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News


06/28/2016
 
Posted By: Zac Bears

From correctional officers to residential care workers, AFSCME members do some of the most dangerous jobs in Massachusetts. And that's why AFSCME Council 93 will continue fighting for fairness when it comes to death benefits for public service workers.

A recent study by MassLive highlighted the top 10 most dangerous jobs in Massachusetts based on how many days workers missed after an injury or other incident at work.

Currently, payments and benefits to families of public sector employees who are killed on the job are available only to public safety and law enforcement workers. Council 93 has filed legislation in the current session that would provide a $150,000 line-of-duty death benefit to the families of all public service workers who lose their lives as a result of "accident or injury" on the job.

John E. Lozada and Steve Hubbard
(Courtesy of Wikimedia Commons)

This work and our lobbying efforts led the state senate to include language in both the 2017 budget and recent veterans legislation that would provide the children of all public sector workers with free tuition, fees, room and board at any UMass campus, state college or community college. We will be filing similar legislation in all states in our jurisdiction.

Correctional institution workers, like corrections officers and other jail and prison staff, came in at number 10. In fact, there were 4 worker deaths at Bay State jails and prisons in 2014.

Workers at nursing and residential care facilities had the seventh most dangerous job in the state in 2014, missing almost 5 days of work per 100 employees due to on-the-job incidents.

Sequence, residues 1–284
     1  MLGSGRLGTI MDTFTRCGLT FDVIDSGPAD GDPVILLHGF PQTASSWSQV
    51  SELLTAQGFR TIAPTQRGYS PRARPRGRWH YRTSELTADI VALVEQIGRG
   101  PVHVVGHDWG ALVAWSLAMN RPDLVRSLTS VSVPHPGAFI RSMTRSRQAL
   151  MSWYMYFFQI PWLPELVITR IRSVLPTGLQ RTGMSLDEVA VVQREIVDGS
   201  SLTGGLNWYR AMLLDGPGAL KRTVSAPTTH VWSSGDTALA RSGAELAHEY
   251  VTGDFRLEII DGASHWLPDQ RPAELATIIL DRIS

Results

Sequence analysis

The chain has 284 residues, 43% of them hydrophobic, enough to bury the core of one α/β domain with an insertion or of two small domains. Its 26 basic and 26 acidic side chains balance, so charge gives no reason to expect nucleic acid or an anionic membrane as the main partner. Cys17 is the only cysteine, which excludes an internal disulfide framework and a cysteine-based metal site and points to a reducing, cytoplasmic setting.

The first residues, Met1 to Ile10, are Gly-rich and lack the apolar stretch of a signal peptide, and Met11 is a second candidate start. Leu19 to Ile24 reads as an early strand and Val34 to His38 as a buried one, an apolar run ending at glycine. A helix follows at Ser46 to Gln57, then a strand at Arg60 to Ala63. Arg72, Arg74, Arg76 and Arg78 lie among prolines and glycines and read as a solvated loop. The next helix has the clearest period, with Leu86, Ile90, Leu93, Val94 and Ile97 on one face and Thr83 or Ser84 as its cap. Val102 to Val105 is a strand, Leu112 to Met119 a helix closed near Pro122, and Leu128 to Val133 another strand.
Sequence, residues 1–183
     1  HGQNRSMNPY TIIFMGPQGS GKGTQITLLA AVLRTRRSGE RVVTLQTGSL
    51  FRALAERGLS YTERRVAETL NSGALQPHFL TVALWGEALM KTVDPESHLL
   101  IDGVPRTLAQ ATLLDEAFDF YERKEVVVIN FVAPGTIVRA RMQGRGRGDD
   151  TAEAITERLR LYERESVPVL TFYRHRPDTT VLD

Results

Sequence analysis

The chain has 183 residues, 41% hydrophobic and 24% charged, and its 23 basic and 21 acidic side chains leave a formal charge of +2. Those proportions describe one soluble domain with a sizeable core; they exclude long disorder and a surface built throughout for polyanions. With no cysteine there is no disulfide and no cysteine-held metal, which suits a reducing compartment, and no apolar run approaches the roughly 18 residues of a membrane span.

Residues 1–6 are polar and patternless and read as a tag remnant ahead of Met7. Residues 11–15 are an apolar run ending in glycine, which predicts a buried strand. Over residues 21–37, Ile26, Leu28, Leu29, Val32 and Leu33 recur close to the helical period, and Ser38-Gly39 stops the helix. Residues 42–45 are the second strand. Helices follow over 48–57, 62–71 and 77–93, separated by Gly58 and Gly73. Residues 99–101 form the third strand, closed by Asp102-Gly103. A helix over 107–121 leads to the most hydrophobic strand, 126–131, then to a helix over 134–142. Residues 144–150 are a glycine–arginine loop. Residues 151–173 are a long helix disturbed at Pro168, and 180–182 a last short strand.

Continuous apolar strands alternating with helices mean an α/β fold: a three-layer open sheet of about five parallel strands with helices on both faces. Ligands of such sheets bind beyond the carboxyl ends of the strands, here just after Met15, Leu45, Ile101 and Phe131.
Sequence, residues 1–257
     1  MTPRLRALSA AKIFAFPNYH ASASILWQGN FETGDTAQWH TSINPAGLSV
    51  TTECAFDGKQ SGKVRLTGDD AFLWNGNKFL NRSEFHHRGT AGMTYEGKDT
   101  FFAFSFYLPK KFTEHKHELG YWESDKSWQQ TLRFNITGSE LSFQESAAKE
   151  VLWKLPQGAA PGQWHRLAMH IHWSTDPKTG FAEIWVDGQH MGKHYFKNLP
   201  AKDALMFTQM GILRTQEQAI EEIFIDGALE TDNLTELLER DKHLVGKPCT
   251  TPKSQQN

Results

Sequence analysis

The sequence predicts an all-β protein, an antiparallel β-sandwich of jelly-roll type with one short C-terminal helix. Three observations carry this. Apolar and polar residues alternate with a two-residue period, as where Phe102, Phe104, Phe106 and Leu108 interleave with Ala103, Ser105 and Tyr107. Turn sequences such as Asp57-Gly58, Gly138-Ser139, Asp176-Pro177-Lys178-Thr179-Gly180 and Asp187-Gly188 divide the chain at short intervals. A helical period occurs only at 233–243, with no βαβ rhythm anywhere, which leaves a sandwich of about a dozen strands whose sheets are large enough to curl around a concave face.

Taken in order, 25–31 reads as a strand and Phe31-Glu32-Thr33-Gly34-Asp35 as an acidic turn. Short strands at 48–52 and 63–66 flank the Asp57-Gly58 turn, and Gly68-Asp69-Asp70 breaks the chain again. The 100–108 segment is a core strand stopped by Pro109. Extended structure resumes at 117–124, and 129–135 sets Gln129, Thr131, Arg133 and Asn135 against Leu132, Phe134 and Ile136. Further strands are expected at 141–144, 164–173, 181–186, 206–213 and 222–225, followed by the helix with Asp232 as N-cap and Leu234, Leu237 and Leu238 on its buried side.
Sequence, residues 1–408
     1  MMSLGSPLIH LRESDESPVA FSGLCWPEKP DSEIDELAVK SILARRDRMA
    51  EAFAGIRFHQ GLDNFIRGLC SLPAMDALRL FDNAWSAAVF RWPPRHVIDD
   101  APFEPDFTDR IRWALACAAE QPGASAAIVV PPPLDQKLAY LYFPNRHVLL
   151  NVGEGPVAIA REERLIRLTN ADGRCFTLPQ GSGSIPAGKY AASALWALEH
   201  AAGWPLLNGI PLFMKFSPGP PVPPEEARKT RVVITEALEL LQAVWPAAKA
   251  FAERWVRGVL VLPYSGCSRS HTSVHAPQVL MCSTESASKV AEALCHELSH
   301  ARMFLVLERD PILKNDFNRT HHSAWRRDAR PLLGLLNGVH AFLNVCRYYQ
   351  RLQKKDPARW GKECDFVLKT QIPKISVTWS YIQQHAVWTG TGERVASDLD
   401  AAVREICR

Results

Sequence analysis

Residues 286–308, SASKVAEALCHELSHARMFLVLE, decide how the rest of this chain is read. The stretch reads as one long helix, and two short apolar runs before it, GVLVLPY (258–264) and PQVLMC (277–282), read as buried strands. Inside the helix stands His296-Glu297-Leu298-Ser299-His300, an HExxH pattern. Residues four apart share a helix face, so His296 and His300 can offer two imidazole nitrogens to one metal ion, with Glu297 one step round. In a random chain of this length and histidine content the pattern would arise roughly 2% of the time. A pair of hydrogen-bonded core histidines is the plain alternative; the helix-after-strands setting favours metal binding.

Hospital, health care and social assistance workers had the third most dangerous job in Massachusetts in 2014. There were two deaths of hospital workers in 2014 and injuries at work caused health care workers to miss nearly 6 days of work per 100 employees.

A patient attacked AFSCME Local 72 member Jason Lew at a mental health facility on Cape Cod in 2012, causing serious injuries. Lew died weeks later, and his death was ruled a homicide. The only benefit his children received came through donations from his union brothers and sisters.

AFSCME members in other professions also face serious dangers at work.

Local 851 member Carlos Taberas was killed while working alone repairing a Bobcat in a City of New Bedford garage in 2011. Carlos had a big family – six kids. But there was no line-of-duty death benefit for them. His $5,000 life insurance policy didn't even cover funeral expenses.

"The union is simply asking the Legislature to recognize that when it comes to losing your life on the job, everyone is equal," Council 93 Legislative Director Jim Durkin argued in testimony before the Legislature. "Everyone has paid the same price."

Police officers and firefighters face serious risks on the job, but so too do correctional officers, direct care providers, mental health care workers, public works employees, highway workers and many other public service workers.

AFSCME members work some of the most dangerous jobs of anyone in Massachusetts, and extending line-of-duty death benefits to all public service workers is a simple matter of fairness.

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AFSCME Council 93

AFSCME Council 93 represents more than 45,000 state, county and municipal employees in Maine, Massachusetts, New Hampshire and Vermont.

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